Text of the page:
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Bazerman, M. H., G. Loewenstein and D. A. Moore. 2002. Why good accountants do bad audits. Harvard Business Review (November): 97-102.

Summary by James R. Martin, Ph.D., CMA
Professor Emeritus, University of South Florida

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This is a very interesting article from both the auditing perspective and the investing perspective. The authors begin with a short discussion of the Sarbanes-Oxley Act of 2002 that addresses corporate accountability. The provisions of the act include new legal constraints on executives and expands the protection for whistle-blowers. It creates a regulatory board to monitor accounting firms and establishes penalties for accounting fraud. George W. Bush even proclaimed that "The era of low standards and false profits is over." But the authors say its not that easy. A more destructive problem with corporate auditing is unconscious self-serving bias that can cause even honest meticulous auditors to unintentionally distort audits. As a result, the provisions of the Sarbanes-Oxley Act will not solve the problem, and might even make the problem worse. The purpose of this paper is to discuss the various causes of unconscious self-serving bias, to provide some supporting evidence from various experiments, and to provide some recommendations related to systemic changes needed to help reduce the problem.

The Roots of Bias

In this section the authors explain that psychologically people interpret information in ways that benefit their self interest even when they are trying to be objective and impartial. People tend to discount the facts that contradict the conclusions they want and embrace the facts that support their own viewpoints. The authors discuss some of their experiments to support the idea of self-serving human behavior.

Accounting for Bad Accounting

This section includes a discussion of three structural aspects of accounting that create substantial opportunities for bias to affect judgment and three behavioral aspects that amplify the unconscious bias.

The structural aspects of accounting include:

Ambiguity - When the possibility to interpret information in different ways exist, people tend to reach self-serving conclusions. Accounting is full of ambiguity. In a side bar they mention Money Magazine's annual survey of 30-50 tax professionals who always provide a wide range of opinions related to a hypothetical tax return. They also mention that corporate accounting is full of ambiguous questions related to revenue and expense recognition. In one survey 67% of audit partners reported that they negotiated with 50% or more of their clients on how to account for various items.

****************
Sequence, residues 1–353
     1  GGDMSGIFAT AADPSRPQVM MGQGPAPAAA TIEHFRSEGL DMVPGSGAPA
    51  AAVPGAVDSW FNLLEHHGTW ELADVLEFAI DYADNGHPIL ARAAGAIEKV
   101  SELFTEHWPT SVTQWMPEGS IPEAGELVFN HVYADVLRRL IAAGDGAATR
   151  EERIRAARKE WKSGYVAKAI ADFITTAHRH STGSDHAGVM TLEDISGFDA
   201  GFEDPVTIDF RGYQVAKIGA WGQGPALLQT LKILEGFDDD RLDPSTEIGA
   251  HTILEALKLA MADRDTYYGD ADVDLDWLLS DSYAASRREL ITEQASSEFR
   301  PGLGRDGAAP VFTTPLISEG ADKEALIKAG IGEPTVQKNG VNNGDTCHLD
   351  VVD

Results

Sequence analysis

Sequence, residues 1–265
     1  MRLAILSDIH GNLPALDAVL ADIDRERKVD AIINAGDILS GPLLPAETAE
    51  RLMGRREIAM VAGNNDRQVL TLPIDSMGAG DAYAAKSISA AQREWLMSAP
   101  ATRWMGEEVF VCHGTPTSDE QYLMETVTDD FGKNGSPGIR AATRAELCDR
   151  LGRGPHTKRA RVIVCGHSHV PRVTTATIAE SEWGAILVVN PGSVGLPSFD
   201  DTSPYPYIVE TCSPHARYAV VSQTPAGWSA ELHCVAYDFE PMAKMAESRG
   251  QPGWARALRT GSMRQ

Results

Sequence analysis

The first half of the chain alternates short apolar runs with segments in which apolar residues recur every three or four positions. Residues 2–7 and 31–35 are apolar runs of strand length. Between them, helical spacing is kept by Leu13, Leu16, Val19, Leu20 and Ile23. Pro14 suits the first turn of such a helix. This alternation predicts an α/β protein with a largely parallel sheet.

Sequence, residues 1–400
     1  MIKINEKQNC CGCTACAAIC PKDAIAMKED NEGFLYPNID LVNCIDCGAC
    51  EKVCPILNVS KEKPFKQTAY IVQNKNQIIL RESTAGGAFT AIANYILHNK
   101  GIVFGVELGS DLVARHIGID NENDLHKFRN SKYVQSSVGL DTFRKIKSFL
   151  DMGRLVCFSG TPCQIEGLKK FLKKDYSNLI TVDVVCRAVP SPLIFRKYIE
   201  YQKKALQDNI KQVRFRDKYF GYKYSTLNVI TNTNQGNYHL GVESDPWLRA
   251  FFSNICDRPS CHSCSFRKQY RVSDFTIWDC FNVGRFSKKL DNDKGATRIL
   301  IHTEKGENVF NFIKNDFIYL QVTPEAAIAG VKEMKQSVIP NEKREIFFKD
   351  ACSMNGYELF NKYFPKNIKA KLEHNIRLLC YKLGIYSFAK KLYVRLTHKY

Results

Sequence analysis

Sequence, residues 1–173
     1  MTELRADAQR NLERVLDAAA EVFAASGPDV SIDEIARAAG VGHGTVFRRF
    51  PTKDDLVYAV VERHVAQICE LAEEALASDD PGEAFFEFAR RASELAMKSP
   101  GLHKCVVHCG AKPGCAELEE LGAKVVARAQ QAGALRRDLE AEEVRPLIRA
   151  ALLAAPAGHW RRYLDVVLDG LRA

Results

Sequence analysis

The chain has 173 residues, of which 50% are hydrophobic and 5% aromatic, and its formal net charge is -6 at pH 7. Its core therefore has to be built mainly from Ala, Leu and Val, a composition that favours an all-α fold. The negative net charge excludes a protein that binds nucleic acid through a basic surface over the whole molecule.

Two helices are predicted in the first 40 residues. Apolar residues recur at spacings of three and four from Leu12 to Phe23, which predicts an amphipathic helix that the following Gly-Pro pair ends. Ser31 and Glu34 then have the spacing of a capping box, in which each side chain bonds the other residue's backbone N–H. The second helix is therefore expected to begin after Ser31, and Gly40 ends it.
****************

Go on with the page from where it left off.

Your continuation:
Attachment - Two main points. Companies fire accounting firms that deliver unfavorable audits. Audits are frequently used to build relationships that lead to consulting services. Attachment breeds bias.

Approval - The bias to approve of a clients accounting methods. Self-serving biases increase when people are endorsing other biased judgments that equate with their own biases.

The behavioral aspects that amplify unconscious bias include:

Familiarity - People are much less willing to harm individuals that they know, particularly paying clients.

Discounting - Immediate consequences tend to receive more emphasis than delayed outcomes, particularly when the delayed outcomes are uncertain. Critical audit reports produce immediate adverse consequences, but the cost of an unjustified positive report is distant and uncertain.

Escalation - Minor indiscretions and errors created by unconscious bias may evolve into conscious corruption.

The authors also discuss evidence showing that people cannot control their biases even when they try to eliminate the effects of bias.

Problems with Proposed Reforms

The authors argue that the Sarbanes-Oxley Act does not address the problem of bias and will not solve the accounting crisis. Although the new rules require auditors to disclose conflicts of interest to investors, people cannot accurately factor this information into their investment decisions and disclosure could actually increase bias on the part of the auditors who make the disclosures. Stricter accounting standards are also unlikely to improve the situation since research shows that it takes very little ambiguity to generate biased judgments.

Radical Remedies

In this last section Bazerman, Loewenstein and Moore make a number of recommendations related to systemic changes needed to solve the auditing crisis. Penalties are not the solution. What is needed is a new set of policies that eliminate the incentives that create the self-serving biases - the impossible conflicts of interest. The fundamental structure of the auditing system ensures biased auditing and must be changed.

Their recommendations include:

1. Full divestiture of consulting and tax services.

2. Fixed, limited audit contract periods during which they cannot be terminated, with fees set at the beginning of the contract period.

3. Prohibit clients from rehiring the auditing firm at the end of the contract period.

4. Require that the major auditing firms rotate clients.

5. Prohibit audit clients from hiring individual accountants away from the audit firms.

6. Prohibit auditors from accepting positions with audit clients for at least five years.

7. Require education to help auditors understand unconscious bias and resulting errors. So-called professionalism is not enough.

Without radical and innovative reforms, further accounting disasters are inevitable.


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